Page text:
Friday, December 6, 2013
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Proposed reductions in federal food aid target a vulnerable population, says a nutrition educator with the Supplemental Nutrition Assistance Program.
2008 File Photo/Shawn Patrick Ouellette
Residents of communities on the southern Maine coast should be on alert -- the U.S. Fish and Wildlife Service may be changing the signs on your beaches any day now.
Bird's death overshadowed by deliberate animal cruelty
The proposed fine by the federal government to the town of Scarborough for the death of a plover chick on Pine Point Beach baffles me.
I understand that the issue is the death of an endangered bird and not the ethical treatment of animals, but as a reasonable human being, I am more concerned with our cruelty to animals in the food industry; the fact that trapping is still legal, unregulated by the federal government and widely practiced in the state of Maine; and that puppy mills are still in operation even though 3 million to 4 million dogs and cats are euthanized in this country every year.
The accidental death of a plover, while unfortunate, seems small to me, considering the big picture of human disregard for lesser animals.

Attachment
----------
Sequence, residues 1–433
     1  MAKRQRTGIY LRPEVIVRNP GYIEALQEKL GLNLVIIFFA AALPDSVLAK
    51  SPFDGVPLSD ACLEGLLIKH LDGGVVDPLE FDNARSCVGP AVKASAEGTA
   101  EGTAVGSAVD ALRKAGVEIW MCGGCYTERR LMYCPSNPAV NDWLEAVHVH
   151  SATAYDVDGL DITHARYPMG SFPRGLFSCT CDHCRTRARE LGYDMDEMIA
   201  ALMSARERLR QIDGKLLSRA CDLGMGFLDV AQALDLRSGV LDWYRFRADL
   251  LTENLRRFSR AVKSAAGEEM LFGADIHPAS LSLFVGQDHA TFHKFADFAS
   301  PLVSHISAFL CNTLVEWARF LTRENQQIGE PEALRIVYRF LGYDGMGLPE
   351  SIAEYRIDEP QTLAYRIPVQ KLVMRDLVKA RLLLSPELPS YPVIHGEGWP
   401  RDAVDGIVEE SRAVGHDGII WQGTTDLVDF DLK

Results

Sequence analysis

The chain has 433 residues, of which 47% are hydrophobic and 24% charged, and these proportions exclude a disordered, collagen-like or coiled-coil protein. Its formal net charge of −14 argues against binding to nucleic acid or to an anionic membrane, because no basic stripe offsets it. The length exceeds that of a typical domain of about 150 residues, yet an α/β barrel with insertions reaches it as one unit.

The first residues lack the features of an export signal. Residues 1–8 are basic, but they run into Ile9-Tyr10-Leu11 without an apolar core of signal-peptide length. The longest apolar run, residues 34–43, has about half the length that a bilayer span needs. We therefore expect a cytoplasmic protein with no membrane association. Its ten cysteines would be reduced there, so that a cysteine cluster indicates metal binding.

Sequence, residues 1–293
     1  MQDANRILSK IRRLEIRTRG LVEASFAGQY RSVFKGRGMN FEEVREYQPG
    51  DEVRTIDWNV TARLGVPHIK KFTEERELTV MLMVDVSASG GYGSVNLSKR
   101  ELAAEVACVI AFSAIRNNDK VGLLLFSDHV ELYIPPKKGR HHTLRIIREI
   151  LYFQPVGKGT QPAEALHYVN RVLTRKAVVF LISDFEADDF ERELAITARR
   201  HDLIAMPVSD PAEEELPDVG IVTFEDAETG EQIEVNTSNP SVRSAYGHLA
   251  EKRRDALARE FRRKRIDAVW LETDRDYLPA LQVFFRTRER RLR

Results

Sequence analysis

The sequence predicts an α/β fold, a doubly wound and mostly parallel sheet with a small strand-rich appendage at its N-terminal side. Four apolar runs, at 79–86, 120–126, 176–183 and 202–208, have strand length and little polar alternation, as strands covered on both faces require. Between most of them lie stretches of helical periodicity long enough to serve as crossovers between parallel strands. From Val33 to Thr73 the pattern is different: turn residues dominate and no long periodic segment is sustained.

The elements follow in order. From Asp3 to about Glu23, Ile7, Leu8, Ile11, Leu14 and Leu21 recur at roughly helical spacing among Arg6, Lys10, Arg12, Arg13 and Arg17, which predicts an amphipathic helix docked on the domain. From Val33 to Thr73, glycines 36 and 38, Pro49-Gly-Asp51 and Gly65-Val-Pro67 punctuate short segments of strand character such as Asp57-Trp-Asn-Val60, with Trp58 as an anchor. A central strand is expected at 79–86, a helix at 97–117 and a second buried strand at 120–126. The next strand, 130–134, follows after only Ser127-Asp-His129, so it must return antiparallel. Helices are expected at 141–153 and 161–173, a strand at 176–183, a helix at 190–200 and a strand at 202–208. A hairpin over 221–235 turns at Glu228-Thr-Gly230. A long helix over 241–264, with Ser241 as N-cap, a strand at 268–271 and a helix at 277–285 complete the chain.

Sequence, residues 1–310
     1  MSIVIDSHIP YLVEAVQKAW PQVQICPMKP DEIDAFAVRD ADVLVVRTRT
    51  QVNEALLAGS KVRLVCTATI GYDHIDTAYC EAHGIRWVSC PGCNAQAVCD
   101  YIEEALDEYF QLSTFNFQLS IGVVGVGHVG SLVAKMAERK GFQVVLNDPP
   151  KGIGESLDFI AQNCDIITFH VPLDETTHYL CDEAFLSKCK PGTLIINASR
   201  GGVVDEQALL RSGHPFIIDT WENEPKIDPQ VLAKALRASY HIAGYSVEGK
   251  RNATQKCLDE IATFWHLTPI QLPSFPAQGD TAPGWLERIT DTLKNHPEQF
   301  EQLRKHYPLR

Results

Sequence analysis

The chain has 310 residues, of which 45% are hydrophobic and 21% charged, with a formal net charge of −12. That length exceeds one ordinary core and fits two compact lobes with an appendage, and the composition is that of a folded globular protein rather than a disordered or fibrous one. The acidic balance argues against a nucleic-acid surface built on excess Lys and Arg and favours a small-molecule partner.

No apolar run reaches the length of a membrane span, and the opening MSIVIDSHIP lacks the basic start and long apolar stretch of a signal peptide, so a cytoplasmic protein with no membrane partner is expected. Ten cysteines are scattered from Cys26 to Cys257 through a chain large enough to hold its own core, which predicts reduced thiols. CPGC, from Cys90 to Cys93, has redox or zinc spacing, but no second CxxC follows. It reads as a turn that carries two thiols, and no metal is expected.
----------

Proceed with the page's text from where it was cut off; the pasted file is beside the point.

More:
While it is easier for the government to go after a handful of peaceful dog-walkers than big business, I would rather see my tax dollars spent to clean up Perdue Farms and leave my early morning beach walk with my two dogs alone.
At N. Yarmouth celebration, honor razed venue's memory
North Yarmouth Fun Day is a "GO!" thanks to our Fire and Rescue team!
As a member of North Yarmouth's Events Committee, I wanted to publicly thank the North Yarmouth Fire and Rescue team -- and the neighboring towns' firefighters -- for their tremendous efforts at Wescustogo Hall on Aug. 30.
The roaring blaze lasted most of the night, and regrettably the grange hall was lost in the dramatic fire. Luckily, no one was hurt and no adjacent property was destroyed.
North Yarmouth is a small town,and the loss of Wescustogo is huge. It means the loss of a central meeting and events place. Additionally, we lost a lot of town equipment and supplies.
Yet despite the damage, the Events Committee wants everyone to know that North Yarmouth's annual celebration, Fun Day, will take place Sept. 21 as scheduled. There will be a parade, entertainment, food, games and lots of memories of events and evenings held at our beloved town building.
For more information, go to northyarmouthevents.org and join us on Fun Day to celebrate our amazing community and make some new memories!